DUBAI, (Reuters) – Confusion over a surprise change to a key growth measure in the United Arab Emirates this week has prompted calls for improvements to economic data releases as investor interest in the booming Gulf region intensifies.
Countries in the world’s biggest oil-exporting region have been thrown into the global spotlight as their economies race ahead of the world economy due to high oil prices, giving them windfall revenues to invest in big-ticket acquisitions in the West and Asia.
But consistent economic data — including gross domestic product (GDP), inflation and money supply — has struggled to keep pace, with few countries offering timely, detailed statistics or a calendar of scheduled releases.
Heeding these calls, Gulf government bodies are attempting to reform and improve the quality and timeliness of economic indicators as they prepare for a regional monetary union.
“These economies are now becoming global economies,” said Marios Maratheftis, head of research at Standard Chartered Bank.
“In the area of statistics, the availability of data has the potential to improve substantially. The market would benefit from knowing a calendar of data announcements and regular updates on the economy.”
The UAE, the second-largest Arab economy and the world’s fifth-biggest oil exporter, revised down its 2007 real GDP growth rate estimate to 5.2 percent from an earlier 7.6 percent, according to data sent to Reuters by the ministry on Wednesday.
In an apparent contradiction later that day, the ministry issued a denial through the state news agency, WAM, that it had revised down last year’s economic growth estimates, saying it was sticking to a headline growth rate of 7.4 percent published in a ministry report in March.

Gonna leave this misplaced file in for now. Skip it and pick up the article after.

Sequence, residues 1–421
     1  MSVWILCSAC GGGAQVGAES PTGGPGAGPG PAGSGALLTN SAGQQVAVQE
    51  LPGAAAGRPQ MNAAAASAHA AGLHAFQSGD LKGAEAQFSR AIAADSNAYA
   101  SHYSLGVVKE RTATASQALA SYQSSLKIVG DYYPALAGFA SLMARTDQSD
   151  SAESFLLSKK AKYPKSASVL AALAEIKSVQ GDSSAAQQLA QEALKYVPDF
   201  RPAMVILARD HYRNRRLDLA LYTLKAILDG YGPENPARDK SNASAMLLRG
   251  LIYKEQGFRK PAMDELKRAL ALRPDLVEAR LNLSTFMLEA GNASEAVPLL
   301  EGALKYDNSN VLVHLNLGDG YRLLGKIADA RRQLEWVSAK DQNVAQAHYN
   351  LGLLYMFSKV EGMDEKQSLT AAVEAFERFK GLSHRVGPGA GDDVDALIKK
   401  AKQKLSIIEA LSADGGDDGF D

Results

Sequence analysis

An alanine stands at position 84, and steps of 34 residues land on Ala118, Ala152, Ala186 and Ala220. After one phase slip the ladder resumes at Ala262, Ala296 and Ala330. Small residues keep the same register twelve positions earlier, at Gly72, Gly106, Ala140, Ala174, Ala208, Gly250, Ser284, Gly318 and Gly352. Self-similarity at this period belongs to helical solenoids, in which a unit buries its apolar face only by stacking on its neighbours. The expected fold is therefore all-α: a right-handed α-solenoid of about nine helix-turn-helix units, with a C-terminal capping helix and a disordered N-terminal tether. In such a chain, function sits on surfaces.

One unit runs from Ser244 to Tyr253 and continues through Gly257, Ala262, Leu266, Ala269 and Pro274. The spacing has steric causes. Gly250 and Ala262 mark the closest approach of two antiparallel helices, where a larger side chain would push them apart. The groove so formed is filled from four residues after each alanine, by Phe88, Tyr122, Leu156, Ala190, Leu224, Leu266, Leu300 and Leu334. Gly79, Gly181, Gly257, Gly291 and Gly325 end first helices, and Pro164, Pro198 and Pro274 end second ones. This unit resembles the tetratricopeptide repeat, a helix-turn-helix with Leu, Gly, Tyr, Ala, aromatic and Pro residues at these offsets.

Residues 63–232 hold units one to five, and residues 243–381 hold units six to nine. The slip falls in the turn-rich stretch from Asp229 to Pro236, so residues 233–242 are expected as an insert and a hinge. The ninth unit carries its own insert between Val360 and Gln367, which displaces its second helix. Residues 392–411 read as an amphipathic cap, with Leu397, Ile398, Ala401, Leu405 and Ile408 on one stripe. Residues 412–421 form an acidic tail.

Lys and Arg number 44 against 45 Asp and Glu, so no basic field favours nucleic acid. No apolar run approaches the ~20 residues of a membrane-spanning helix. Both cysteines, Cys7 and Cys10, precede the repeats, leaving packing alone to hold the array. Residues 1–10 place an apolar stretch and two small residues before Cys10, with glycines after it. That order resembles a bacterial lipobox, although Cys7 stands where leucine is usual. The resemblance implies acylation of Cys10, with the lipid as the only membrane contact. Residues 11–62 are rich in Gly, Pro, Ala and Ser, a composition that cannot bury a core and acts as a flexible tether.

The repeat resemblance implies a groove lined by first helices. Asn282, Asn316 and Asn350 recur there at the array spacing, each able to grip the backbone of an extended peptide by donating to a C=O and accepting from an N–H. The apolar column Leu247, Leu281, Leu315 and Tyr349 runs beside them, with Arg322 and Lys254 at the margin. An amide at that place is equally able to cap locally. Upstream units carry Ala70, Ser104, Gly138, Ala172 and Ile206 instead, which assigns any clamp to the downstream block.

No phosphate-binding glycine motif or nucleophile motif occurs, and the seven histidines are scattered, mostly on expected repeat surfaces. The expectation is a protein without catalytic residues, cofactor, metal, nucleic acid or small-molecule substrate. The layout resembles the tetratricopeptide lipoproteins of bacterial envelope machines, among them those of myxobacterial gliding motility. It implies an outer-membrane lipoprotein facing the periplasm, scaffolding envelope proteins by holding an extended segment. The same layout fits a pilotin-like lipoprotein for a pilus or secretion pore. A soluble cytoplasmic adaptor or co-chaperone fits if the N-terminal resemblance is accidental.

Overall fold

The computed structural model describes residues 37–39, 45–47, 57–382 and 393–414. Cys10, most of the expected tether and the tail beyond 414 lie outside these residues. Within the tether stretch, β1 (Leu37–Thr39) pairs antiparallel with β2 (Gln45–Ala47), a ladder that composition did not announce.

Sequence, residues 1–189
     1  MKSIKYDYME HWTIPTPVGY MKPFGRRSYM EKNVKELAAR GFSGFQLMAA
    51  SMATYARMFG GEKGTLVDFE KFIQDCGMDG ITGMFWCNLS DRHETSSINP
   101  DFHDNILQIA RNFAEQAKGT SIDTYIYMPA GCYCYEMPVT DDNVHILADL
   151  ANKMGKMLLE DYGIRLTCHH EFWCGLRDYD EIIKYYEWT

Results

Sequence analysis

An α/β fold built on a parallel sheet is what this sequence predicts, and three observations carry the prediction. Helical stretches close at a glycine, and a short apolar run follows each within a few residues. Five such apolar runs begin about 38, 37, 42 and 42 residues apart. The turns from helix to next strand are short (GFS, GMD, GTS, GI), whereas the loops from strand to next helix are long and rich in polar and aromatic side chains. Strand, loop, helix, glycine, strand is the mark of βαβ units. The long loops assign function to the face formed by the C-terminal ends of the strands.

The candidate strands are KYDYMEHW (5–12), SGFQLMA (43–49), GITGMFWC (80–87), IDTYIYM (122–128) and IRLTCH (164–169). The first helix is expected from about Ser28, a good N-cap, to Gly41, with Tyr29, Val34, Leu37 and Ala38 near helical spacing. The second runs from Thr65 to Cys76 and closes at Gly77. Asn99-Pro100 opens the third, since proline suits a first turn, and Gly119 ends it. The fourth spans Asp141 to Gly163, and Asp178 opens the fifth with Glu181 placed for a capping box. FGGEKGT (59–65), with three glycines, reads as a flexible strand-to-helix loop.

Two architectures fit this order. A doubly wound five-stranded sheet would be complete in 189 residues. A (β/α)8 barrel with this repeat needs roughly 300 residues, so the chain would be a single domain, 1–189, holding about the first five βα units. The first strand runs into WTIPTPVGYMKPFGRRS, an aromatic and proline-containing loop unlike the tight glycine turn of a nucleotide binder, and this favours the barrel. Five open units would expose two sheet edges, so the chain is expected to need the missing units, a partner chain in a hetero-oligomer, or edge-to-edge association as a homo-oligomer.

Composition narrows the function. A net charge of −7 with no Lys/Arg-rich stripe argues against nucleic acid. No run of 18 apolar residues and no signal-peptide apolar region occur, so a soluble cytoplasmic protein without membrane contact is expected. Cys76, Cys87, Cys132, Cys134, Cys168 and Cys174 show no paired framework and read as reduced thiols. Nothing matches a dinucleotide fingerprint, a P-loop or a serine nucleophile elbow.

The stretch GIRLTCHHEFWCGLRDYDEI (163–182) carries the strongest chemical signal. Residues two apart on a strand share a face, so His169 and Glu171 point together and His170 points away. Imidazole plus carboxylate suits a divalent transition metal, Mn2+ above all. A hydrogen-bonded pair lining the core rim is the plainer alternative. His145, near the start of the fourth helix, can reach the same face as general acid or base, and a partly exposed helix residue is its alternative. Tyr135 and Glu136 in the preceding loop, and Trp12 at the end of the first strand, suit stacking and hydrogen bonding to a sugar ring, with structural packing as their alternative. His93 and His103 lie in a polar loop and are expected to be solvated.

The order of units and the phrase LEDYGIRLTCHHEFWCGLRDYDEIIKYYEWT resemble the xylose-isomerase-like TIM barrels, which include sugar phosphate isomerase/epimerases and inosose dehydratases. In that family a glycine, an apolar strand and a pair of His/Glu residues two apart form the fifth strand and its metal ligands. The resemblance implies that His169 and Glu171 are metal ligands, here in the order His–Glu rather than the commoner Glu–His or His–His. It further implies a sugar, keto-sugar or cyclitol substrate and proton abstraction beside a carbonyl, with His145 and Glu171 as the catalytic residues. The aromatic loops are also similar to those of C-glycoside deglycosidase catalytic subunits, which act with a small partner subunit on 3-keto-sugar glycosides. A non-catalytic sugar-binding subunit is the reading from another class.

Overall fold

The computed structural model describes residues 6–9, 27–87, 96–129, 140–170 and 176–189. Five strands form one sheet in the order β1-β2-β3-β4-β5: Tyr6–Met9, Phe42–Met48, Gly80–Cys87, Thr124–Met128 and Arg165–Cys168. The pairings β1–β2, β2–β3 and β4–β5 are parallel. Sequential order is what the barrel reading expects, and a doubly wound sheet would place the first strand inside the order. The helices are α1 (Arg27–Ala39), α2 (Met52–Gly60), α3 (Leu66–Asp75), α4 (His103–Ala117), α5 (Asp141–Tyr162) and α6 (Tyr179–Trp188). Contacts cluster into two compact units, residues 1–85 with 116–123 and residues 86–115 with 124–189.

Ministry officials declined to comment immediately on Thursday about the accuracy of the data, which some economists said appeared to have resulted from a complete revision of the methodology used to calculate national accounts.
“The national accounts compilation system suffers from a number of deficiencies, including lack of a comprehensive data collection program,” the International Monetary Fund (IMF) said in a report on the UAE in October.
“The statistical techniques used in compiling GDP by production and expenditure approaches are not sound,” it said.
Economists rely on regular official economic data to analyse economic trends, but there is a dearth of timely data in the region. Qatar, Bahrain, Kuwait and Oman — for instance — have yet to release constant price GDP estimates for 2007.
In another example in late June, Qatar revised up its current price GDP growth figure for 2007 to 25 percent from a 12 percent estimate released in March.
Some regional economists said they had little faith in some Gulf macro-economic data and were instead looking at micro-economic trends — such as the performance of the banking sector and debt issuances — to judge the state of the economy.
Steps, meanwhile, are being taken to improve economic data in the Gulf region as economies like the UAE become key regional commercial centres. While Gulf economies surge, inflation is also accelerating on higher real estate and food prices.
The UAE — where inflation hit an at least 20-year high of 11.1 percent last year — is the only Gulf oil producer that releases inflation data annually and even it usually emerges months after the end of the year.
The ministry is working with the IMF to revise the current index, which it has called “outdated”, and begin releasing price trends monthly beginning next year.
“Efforts to upgrade the statistical system have intensified,” the IMF said.
“The authorities underscored their determination to make major improvements in the UAE statistical systems in the next few years as highlighted in their strategic plan.”
Meanwhile, an Abu Dhabi Statistics Centre is set to open this month to compile and release more regular economic and social data on the emirate.